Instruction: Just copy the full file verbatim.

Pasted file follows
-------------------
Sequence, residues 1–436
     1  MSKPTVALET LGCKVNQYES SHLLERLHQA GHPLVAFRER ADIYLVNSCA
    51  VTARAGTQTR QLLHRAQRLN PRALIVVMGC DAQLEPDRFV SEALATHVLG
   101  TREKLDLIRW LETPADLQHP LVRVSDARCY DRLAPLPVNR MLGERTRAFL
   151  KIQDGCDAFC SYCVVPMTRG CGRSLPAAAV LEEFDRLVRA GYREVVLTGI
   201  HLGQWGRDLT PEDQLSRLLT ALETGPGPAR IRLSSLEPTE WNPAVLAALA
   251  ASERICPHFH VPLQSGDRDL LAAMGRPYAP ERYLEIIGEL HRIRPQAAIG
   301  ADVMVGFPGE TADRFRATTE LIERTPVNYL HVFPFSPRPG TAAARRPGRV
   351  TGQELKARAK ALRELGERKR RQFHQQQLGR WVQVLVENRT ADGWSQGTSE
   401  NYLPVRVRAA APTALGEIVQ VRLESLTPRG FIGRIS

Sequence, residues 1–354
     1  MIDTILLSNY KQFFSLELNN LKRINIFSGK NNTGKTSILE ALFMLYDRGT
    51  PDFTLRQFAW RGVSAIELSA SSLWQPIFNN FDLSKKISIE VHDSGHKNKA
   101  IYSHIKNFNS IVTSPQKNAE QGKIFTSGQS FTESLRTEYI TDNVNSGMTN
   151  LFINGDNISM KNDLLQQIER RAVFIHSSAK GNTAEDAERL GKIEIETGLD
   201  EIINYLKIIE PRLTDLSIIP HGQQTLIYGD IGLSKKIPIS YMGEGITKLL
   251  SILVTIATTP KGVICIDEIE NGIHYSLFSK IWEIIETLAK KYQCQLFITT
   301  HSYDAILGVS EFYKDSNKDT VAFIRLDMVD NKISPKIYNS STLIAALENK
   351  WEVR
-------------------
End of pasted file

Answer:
Sequence, residues 1–436
     1  MSKPTVALET LGCKVNQYES SHLLERLHQA GHPLVAFRER ADIYLVNSCA
    51  VTARAGTQTR QLLHRAQRLN PRALIVVMGC DAQLEPDRFV SEALATHVLG
   101  TREKLDLIRW LETPADLQHP LVRVSDARCY DRLAPLPVNR MLGERTRAFL
   151  KIQDGCDAFC SYCVVPMTRG CGRSLPAAAV LEEFDRLVRA GYREVVLTGI
   201  HLGQWGRDLT PEDQLSRLLT ALETGPGPAR IRLSSLEPTE WNPAVLAALA
   251  ASERICPHFH VPLQSGDRDL LAAMGRPYAP ERYLEIIGEL HRIRPQAAIG
   301  ADVMVGFPGE TADRFRATTE LIERTPVNYL HVFPFSPRPG TAAARRPGRV
   351  TGQELKARAK ALRELGERKR RQFHQQQLGR WVQVLVENRT ADGWSQGTSE
   401  NYLPVRVRAA APTALGEIVQ VRLESLTPRG FIGRIS

Sequence, residues 1–354
     1  MIDTILLSNY KQFFSLELNN LKRINIFSGK NNTGKTSILE ALFMLYDRGT
    51  PDFTLRQFAW RGVSAIELSA SSLWQPIFNN FDLSKKISIE VHDSGHKNKA
   101  IYSHIKNFNS IVTSPQKNAE QGKIFTSGQS FTESLRTEYI TDNVNSGMTN
   151  LFINGDNISM KNDLLQQIER RAVFIHSSAK GNTAEDAERL GKIEIETGLD
   201  EIINYLKIIE PRLTDLSIIP HGQQTLIYGD IGLSKKIPIS YMGEGITKLL
   251  SILVTIATTP KGVICIDEIE NGIHYSLFSK IWEIIETLAK KYQCQLFITT
   301  HSYDAILGVS EFYKDSNKDT VAFIRLDMVD NKISPKIYNS STLIAALENK
   351  WEVR